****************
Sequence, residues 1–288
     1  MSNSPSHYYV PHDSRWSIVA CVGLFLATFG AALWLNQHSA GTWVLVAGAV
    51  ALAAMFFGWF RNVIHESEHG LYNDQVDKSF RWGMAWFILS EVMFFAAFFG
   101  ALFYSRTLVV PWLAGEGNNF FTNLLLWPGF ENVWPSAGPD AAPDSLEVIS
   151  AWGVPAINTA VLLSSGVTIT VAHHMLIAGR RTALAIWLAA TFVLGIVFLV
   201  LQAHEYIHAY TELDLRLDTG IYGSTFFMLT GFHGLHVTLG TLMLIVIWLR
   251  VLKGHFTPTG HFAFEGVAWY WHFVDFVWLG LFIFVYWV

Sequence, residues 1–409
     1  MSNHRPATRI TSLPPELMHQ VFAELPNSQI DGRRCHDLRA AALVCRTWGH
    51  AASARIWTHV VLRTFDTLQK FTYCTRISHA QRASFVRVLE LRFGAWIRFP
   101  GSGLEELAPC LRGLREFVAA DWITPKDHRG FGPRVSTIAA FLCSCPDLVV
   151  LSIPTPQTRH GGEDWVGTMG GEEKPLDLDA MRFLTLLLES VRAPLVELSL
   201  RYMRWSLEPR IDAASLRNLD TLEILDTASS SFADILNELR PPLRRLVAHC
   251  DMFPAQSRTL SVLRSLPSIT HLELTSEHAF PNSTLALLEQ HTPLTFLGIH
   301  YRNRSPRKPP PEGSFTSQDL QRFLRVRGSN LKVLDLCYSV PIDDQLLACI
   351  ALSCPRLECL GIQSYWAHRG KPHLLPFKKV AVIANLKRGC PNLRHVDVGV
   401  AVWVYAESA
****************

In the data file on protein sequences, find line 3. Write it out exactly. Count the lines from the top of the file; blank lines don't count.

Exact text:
    51  ALAAMFFGWF RNVIHESEHG LYNDQVDKSF RWGMAWFILS EVMFFAAFFG